In a study led by Emmanouil Flaounas we identified and studied the occurrence and synoptic dynamics of extreme wet seasons unsing ERA-Interim and an extensive collection of weather feature identification climatologies. In this study we employed a temporally flexible definition of “wet seasons” and their extremes by identifying at each grid point the 90-day periods with the most accumulated precipitation. Connecting these extreme wet seasons to spatial objects (see figure below) then allows to study the dynamical drivers of these individual events. These analyses reveal a wide palette of synoptic storylines for extreme wet seasons that strongly vary in space. For example, an extreme wet season over the tropical Atlantic resulted from a single particularly strong tropical cyclone, while over Iberia and the US West Coast extreme wet seasons occurred due to anomalousely frequent tropical moisture exports and extratropical cyclones and an extreme wet season over Northern Australia resulted form a complex interplay between extratropical Rossby wave breaking, a landfalling tropical cyclone and anomalousely frequent surface cyclones. This paper is the first to comprehensively chracterize extreme wet seasons around to globe with regard to their weather feature characteirstics and is now in the discussion phase in Weather and Climate Dynamics.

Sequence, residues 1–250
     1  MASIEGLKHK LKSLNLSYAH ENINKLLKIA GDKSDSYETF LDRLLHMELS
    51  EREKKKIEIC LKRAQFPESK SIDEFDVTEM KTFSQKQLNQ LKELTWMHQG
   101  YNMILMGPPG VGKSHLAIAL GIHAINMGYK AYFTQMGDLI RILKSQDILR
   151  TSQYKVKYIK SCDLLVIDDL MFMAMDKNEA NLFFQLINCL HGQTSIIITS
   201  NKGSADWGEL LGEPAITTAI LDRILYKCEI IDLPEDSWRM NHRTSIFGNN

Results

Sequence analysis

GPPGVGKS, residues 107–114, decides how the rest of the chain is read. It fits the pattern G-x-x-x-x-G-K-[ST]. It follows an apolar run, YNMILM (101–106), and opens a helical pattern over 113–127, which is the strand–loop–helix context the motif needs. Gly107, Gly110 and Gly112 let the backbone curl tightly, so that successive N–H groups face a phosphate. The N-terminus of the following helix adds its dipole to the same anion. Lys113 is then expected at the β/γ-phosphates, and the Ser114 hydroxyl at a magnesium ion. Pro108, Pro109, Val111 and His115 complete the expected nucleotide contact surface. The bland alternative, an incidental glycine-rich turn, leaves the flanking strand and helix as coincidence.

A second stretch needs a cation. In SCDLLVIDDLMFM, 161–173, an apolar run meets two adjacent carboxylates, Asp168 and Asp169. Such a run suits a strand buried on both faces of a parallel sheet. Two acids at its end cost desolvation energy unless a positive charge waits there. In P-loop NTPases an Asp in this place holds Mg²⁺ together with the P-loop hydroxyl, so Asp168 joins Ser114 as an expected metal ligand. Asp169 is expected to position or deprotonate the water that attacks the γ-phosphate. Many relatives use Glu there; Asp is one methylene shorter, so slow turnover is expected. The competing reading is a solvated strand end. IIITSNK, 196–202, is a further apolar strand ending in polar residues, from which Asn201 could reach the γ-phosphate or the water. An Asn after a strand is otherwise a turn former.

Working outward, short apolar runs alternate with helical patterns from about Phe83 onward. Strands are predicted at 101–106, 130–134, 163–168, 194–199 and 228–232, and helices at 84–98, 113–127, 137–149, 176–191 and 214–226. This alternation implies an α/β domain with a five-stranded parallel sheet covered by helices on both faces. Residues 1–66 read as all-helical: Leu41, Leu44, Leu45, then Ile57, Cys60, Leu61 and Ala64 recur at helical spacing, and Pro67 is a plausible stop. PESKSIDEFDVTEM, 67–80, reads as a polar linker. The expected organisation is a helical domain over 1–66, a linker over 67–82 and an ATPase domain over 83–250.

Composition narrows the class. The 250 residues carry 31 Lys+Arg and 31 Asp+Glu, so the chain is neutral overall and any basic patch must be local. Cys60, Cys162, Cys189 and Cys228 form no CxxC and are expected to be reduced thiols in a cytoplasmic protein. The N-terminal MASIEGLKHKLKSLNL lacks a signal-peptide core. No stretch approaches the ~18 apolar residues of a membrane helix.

The Figure above shows the 100 largest extreme wet season objects in the ERA-Interim period 1979-2018.